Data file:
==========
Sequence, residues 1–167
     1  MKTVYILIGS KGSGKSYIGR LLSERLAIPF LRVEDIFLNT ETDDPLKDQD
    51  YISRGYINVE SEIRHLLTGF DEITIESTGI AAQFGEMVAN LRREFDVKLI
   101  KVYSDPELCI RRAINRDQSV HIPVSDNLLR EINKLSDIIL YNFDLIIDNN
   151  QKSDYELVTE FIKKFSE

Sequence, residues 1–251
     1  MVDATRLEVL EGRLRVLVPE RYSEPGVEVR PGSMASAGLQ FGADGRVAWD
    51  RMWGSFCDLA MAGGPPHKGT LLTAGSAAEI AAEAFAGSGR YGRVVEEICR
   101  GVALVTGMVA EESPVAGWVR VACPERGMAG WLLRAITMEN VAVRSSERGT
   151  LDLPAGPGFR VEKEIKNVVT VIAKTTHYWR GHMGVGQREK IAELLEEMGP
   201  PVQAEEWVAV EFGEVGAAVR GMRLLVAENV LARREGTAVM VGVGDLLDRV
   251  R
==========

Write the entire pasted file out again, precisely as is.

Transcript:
Sequence, residues 1–167
     1  MKTVYILIGS KGSGKSYIGR LLSERLAIPF LRVEDIFLNT ETDDPLKDQD
    51  YISRGYINVE SEIRHLLTGF DEITIESTGI AAQFGEMVAN LRREFDVKLI
   101  KVYSDPELCI RRAINRDQSV HIPVSDNLLR EINKLSDIIL YNFDLIIDNN
   151  QKSDYELVTE FIKKFSE

Sequence, residues 1–251
     1  MVDATRLEVL EGRLRVLVPE RYSEPGVEVR PGSMASAGLQ FGADGRVAWD
    51  RMWGSFCDLA MAGGPPHKGT LLTAGSAAEI AAEAFAGSGR YGRVVEEICR
   101  GVALVTGMVA EESPVAGWVR VACPERGMAG WLLRAITMEN VAVRSSERGT
   151  LDLPAGPGFR VEKEIKNVVT VIAKTTHYWR GHMGVGQREK IAELLEEMGP
   201  PVQAEEWVAV EFGEVGAAVR GMRLLVAENV LARREGTAVM VGVGDLLDRV
   251  R